David Nakdimen

Dave Nakdimen (June 28, 1933 – May 8, 2020) was an American broadcast journalist, and the political reporter for Louisville's WAVE 3 (TV) News. Nakdimen covered many major stories in Louisville during his long career. He was elected to the Kentucky Journalism Hall of Fame in 1998.

Dave Nakdimen
David Abie Nakdimen

(1933-06-28)June 28, 1933
Rocky Station, Lee County, Virginia, US
DiedMay 8, 2020(2020-05-08) (aged 86)
OccupationTelevision journalist, radio journalist, political analyst, investigative reporter, news documentary producer
Years active1961–1997


David Abie Nakdimen was born in Rocky Station, Lee County, Virginia[1] on June 28, 1933, the second of Lucy (née Steelman) and Abe Nakdimen's four children.


Nakdimen graduated from London High School in London, Kentucky.

In the 1950s, Nakdimen attended the University of Kentucky as a Journalism student, where he performed research, collecting folklore in 1954 for William Hugh Jansen. Jansen had received the third Doctorate in Folklore in the United States from the Indiana University and was a member of the faculty of the University of Kentucky English Department from 1949 to 1979.[2] Nakdimen was a member of the University of Kentucky's billiard team. Nakdimen and the team placed eighth in the National Intercollegiate Billiard tournament held February 23, 1954.

While a student, Nakdimen also reported for the Kentucky Kernel.[3] Nakdimen graduated with a degree in journalism.

His first professional job after graduation was as a sports reporter for the Lexington Leader, then the afternoon newspaper in Lexington, Kentucky.[4] Nakdimen was also a correspondent for the Louisville Courier-Journal in 1960.[5]

City Hall reporterEdit

Known as "Dave Nakdimen" on-air and “Nak” inside the newsroom, Nakdimen joined WAVE (radio and television) News at the age of 28 on July 4, 1961. He was hired as the "City Hall" reporter. Nakdimen said of his hiring "WAVE was looking for somebody to cover City Hall," he said. "I had never worked a day on radio or TV in my life, but I decided to take a shot at it."[4]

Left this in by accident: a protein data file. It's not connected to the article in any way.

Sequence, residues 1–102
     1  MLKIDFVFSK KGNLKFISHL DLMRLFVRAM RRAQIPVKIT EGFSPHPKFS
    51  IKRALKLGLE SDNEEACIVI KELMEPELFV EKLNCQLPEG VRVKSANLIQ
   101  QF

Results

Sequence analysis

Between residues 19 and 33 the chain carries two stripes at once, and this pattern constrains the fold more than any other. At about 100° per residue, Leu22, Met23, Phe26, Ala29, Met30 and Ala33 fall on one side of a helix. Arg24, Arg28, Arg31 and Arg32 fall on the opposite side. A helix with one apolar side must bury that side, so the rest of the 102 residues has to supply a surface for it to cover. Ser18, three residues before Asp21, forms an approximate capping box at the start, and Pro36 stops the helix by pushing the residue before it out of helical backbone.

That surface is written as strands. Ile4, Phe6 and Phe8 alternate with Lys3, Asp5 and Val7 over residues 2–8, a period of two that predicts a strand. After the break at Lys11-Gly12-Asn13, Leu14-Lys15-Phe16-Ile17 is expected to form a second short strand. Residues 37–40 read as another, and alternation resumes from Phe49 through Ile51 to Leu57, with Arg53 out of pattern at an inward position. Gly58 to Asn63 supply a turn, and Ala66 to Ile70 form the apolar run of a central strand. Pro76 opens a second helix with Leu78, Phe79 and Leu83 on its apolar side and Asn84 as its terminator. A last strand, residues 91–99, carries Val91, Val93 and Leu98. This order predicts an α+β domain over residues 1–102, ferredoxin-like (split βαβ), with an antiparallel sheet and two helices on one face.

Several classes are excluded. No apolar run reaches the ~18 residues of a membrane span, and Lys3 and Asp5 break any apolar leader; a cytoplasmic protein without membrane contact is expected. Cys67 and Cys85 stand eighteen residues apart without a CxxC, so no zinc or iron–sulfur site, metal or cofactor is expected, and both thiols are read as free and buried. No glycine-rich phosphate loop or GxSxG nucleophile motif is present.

In his first two weeks on the job, he met NBC news anchor David Brinkley and Ronald Reagan, then host of the General Electric Theater. He said "it was fun to talk with John Wayne, sit down with George Bush and chase Hubert Humphrey around."[4]

Political reporterEdit

Nakdimen's reporting professionalism and expertise quickly earned him the political reporter position at WAVE TV. Nakidimen covered Louisville and Jefferson County government, the Kentucky legislature, along with gubernatorial and other state and national elections for WAVE TV for 36 years.

Nakdimen broke the story of the collapse of Louisville's Prudential Savings and American Building loan associations in the 1970s. Nakdimen also covered the Louisville area floods of 1964 and 1997, the 1978 blizzard,[6] the open housing demonstrations of 1967, the tornados of 1974 and 1996, the Jefferson County school desegregation and court-ordered busing in 1975, the 1989 Standard Gravure shootings and other top stories including covering seven national political conventions.[7]

Nakidimen interviewed Dr. Martin Luther King, Jr. during an open housing march in Louisville during the 1960s. After the interview, Nakdimen discovered his film camera hadn't correctly recorded the audio of the interview. "So when King came around the block again, we asked him if he'd do the interview over and he was nice enough to do it".[4]

Election coverageEdit

Nakdimen provided live and recorded remote coverage of the July 1984 Democratic national convention held in San Francisco, California for WAVE TV News. Additional commentary was provided by then WAVE anchor Don Schroeder who accompanied Nakdimen on the trip.[8]

During the 1988 presidential election coverage, then WAVE TV general manager Guy Hempel decided to "send the guy (Nakdimen) with years of local political reporting rather than anchor people" to cover the New Orleans Republican presidential convention that nominated incumbent Vice President George H. W. Bush.[9]

Louisville / Jefferson County (Kentucky) reorganization coverageEdit

In 1982, Nakdimen moderated a cable news show discussing the effort to reorganize the city of Louisville and Jefferson County, Kentucky as a combined metro government entity. Then County Judge Mitch McConnell and Louisville Mayor Harvey Sloane fielded phone calls during a live television show carried by the county and city cable television carriers.[10]

The 1982 vote for the Louisville / Jefferson County reorganization was predicted by all local television news departments as "an easy win". However, the referendum was "too close to call" four hours after the polls had closed. By 10:30 pm that evening, with 98% of the vote counted, the merger had been defeated. Nakdimen said "Modern computer science sometimes falls short and it did this time".[11]

In 1983, Nakdimen moderated a debate on government merger with representatives from both sides on the show Debate: The New Charter broadcast on WAVE TV on November 6, 1983.[12]